Originally Posted on INCYBERDEFENSE: Cybersecurity has become one of the hottest jobs over the past few years, exhibiting high wage and employment growth. However, recent research from Emsi has found that the U.S. has less than half the cybersecurity candidates that it needs to handle increasing demand.
The cybersecurity skills gap is a problem for not only organizations that cannot find the proper talent, but also the country as a whole. As the digital economy expands, safe and secure digital infrastructure is integral for maintaining economic growth and human flourishing. Malicious cyber attacks lead to stolen revenues, uncertainty, public mistrust, and a vulnerable economic and national security base.
Filling The Talent Pipeline
The U.S. Cyberspace Solarium Commission was created in 2019 to “develop a consensus on a strategic approach to defending the United States cyberspace against cyber attacks of significant consequences.” In their July report, they argued that chronic shortages for cybersecurity talent are driven “by a need for personnel that have specific cybersecurity skills and experience, but they are complicated by government hiring, training, and development pathways that are not well-suited to recruit and retain those personnel.”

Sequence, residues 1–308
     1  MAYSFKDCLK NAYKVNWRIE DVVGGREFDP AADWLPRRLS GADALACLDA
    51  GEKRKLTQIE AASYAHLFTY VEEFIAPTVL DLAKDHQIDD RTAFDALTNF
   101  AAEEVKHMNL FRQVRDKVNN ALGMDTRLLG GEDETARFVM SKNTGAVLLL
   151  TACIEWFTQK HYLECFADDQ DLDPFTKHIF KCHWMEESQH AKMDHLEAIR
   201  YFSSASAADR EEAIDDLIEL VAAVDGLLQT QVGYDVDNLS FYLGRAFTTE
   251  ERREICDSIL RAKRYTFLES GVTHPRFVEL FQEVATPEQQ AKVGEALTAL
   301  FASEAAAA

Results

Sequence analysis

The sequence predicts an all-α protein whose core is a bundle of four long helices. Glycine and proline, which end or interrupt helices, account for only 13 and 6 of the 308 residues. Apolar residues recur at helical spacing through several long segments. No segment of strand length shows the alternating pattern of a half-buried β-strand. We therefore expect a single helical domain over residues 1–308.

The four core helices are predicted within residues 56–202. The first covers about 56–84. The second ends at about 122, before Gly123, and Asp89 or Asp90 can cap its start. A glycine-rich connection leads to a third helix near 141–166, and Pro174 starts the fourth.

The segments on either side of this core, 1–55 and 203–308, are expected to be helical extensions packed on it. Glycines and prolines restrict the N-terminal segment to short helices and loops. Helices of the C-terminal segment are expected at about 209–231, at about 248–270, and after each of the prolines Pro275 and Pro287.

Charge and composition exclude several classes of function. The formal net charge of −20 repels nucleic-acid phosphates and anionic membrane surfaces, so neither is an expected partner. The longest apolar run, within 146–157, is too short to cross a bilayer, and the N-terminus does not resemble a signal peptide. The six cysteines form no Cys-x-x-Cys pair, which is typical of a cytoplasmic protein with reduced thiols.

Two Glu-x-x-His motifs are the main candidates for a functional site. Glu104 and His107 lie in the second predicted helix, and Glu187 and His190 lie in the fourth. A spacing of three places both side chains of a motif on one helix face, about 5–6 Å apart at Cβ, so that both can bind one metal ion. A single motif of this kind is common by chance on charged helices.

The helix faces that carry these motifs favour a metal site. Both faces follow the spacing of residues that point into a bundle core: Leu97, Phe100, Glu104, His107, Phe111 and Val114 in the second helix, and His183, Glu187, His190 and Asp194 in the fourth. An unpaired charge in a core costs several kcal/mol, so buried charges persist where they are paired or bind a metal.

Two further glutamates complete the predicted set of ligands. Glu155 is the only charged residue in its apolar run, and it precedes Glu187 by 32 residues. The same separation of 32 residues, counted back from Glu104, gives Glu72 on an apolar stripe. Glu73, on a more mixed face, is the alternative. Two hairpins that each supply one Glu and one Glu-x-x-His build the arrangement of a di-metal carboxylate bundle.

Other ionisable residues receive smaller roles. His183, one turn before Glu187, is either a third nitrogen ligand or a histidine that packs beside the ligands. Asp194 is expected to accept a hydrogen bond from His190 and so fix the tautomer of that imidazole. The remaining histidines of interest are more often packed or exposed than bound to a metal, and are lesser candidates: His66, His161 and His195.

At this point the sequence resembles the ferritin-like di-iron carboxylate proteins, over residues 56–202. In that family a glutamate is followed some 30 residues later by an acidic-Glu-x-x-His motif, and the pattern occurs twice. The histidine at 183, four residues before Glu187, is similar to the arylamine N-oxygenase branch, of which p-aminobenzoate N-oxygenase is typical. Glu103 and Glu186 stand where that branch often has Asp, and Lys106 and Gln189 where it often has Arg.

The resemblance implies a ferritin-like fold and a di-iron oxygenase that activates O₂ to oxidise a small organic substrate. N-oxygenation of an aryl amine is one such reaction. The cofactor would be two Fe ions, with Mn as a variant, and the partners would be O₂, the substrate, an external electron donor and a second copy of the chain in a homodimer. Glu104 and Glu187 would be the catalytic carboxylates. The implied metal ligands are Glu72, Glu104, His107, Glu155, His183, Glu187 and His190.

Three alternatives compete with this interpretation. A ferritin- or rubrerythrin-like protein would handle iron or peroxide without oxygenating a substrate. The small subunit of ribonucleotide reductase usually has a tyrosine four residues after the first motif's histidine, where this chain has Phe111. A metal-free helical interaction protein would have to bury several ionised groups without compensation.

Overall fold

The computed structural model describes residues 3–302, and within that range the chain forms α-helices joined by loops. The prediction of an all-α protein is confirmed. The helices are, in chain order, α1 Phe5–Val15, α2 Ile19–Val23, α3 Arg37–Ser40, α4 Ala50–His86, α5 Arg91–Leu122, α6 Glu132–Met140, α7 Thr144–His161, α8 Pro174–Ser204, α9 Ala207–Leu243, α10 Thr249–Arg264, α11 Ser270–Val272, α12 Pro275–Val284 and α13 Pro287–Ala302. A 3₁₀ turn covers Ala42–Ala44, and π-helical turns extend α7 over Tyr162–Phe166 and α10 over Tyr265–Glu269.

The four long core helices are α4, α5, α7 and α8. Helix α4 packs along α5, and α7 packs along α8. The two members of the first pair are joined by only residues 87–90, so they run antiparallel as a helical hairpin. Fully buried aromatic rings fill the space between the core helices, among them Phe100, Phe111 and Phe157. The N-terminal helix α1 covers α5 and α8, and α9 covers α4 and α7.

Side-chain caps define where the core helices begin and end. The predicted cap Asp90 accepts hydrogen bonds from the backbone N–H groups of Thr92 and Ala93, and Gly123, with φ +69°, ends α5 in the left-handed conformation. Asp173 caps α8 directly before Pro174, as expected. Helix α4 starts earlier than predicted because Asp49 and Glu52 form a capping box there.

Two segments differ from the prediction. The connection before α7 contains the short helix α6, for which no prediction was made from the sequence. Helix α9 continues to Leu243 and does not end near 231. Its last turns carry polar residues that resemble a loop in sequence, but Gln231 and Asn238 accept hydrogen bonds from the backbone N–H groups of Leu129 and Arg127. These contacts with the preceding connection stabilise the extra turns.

Fortunately, thanks to a recent executive order by the White House in June, the federal government will begin prioritizing hires based on skills, rather than degrees. Particularly in the cybersecurity landscape where the technology is evolving so rapidly, traditional computer science and related degree programs are expensive and time intensive.
That’s where EdTech companies have cropped up to provide invaluable educational services at low cost and high flexibility. Datacamp, for example, provides arguably the best experience for learning programming languages. With an especially low price of roughly $150/year due to an unparalleled discount, you can access personalized learning resources and a digital community.
But, not everyone is going to become a cybersecurity expert. So, what can we do to promote best practices within the cyber community?